Gallery of prints for sale

Saturday 9 December 2023

Frederik Bloemaert’s engraving, “A Beggar Walking on Crutches”, c.1650, after Abraham Bloemaert

Frederik Bloemaert (1610–69)

“A Beggar Walking on Crutches” (“Bedelaar lopend op krukken”), c.1650 (1635–1669), plate 8 from the series of 30 engravings (Roethisberger 322–350), “The Little Figures” (“De kleine figuren”), after a drawing by the artist’s father, Abraham Bloemaert (1564–1651).

Engraving on fine laid paper trimmed with a small margin around the image borderline and backed with a support sheet.

Size: (sheet) 13.2 x 8.3 cm; (image borderline) 12.6 x 7.8 cm.

Numbered at lower right: “8”.

Roethlisberger 328 (Marcel G. Roethlisberger 1993, “Abraham Bloemaert and His Sons: Paintings and Prints”, vol. 1, Davaco, Doornspuk, p. 240, cat. no. 328); Hollstein Dutch 163 (F.W.H. Hollstein 1950, “Dutch and Flemish etchings, engravings and woodcuts ca. 1450-1700: Berckheyde–Bodding”, vol. 2, Amsterdam, Menno Hertzberger, p. 87, cat. nos. 156–185).

See also the description of this print held by the Rijksmuseum:

Clearly, images like this are not intended to be spiritually uplifting, but there are motivations underpinning them regardless. I understand after reading Larry Silver’s (2006) “Peasant Scenes and Landscapes: The Rise of Pictorial Genres in the Antwerp Art Market”, that popular perceptions at that time was that such folk as this poor man were undesirable. Going further, (shockingly) they were perceived to be potential thieves.

Mindful of these alarming and prevailing social attitudes, I thought I might outline a couple of the pictorial conventions that arguably play a role in this print:

- Cripples, beggars and vagabonds are more likely to be thieves if they look backwards. Fortunately, this man does not look backward, but, interestingly, such subtle symbolism is all tied to the idea that “bad” folk look back to the folly that they’ve created whereas honest folk look forward.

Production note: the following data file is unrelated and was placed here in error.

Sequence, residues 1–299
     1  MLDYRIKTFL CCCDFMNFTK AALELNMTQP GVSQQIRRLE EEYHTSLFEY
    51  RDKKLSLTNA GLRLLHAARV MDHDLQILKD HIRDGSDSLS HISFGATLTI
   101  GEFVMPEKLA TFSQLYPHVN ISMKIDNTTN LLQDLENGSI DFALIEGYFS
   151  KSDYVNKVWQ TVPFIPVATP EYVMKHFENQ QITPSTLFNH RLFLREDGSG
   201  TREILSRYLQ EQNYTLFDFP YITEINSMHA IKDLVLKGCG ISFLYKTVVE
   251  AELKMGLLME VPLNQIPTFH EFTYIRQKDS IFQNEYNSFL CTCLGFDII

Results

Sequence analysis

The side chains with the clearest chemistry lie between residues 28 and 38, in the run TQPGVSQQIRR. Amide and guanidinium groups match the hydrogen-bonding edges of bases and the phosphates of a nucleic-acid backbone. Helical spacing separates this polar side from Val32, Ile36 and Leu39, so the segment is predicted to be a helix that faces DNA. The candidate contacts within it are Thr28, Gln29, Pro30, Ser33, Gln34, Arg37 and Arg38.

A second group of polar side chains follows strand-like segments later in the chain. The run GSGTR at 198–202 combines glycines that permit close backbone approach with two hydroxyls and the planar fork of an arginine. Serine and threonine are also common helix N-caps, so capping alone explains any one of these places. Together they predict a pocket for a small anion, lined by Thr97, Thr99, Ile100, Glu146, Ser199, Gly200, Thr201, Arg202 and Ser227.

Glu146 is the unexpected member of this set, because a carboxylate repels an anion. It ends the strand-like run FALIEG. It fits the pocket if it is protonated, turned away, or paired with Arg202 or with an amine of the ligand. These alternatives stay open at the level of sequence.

- Cripples, beggars and vagabonds laden with a bulging satchel within a barren setting, as seen here (unless his “satchel” is actually a water container), usually connotes that they have been thieving.

Condition: a strong and well-printed (near faultless) impression with small margin around the image borderline. The sheet is in a near pristine condition with no tears, holes, folds, abrasions or significant stains and is laid onto a support of archival (millennium quality) washi paper providing wide margins.

I am selling this finely executed engraving of a hunched figure supported on two crutches, for AU$229 (currently US$153.06/EUR138.49/GBP121.91 at the time of this listing) including postage and handling to anywhere in the world, but not (of course) any import duties/taxes imposed by some countries).

If you are interested in purchasing this graphically real portrayal of a crippled man finding his way forward, please contact me ( and I will send you a PayPal invoice to make the payment easy.

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